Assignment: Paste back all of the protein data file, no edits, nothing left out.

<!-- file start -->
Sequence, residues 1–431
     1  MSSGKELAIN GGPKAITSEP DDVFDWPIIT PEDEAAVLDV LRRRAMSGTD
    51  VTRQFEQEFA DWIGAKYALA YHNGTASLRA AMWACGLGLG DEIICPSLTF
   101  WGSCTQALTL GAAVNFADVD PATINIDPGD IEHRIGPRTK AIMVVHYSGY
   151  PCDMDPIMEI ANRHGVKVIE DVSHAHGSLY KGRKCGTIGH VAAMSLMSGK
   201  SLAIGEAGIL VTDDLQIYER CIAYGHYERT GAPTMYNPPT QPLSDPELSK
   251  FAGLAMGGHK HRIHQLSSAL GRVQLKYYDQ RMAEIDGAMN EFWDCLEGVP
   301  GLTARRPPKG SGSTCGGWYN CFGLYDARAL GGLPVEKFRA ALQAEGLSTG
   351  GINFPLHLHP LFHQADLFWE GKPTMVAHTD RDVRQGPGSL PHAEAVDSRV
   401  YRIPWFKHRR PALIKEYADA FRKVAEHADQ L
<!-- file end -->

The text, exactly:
Sequence, residues 1–431
     1  MSSGKELAIN GGPKAITSEP DDVFDWPIIT PEDEAAVLDV LRRRAMSGTD
    51  VTRQFEQEFA DWIGAKYALA YHNGTASLRA AMWACGLGLG DEIICPSLTF
   101  WGSCTQALTL GAAVNFADVD PATINIDPGD IEHRIGPRTK AIMVVHYSGY
   151  PCDMDPIMEI ANRHGVKVIE DVSHAHGSLY KGRKCGTIGH VAAMSLMSGK
   201  SLAIGEAGIL VTDDLQIYER CIAYGHYERT GAPTMYNPPT QPLSDPELSK
   251  FAGLAMGGHK HRIHQLSSAL GRVQLKYYDQ RMAEIDGAMN EFWDCLEGVP
   301  GLTARRPPKG SGSTCGGWYN CFGLYDARAL GGLPVEKFRA ALQAEGLSTG
   351  GINFPLHLHP LFHQADLFWE GKPTMVAHTD RDVRQGPGSL PHAEAVDSRV
   401  YRIPWFKHRR PALIKEYADA FRKVAEHADQ L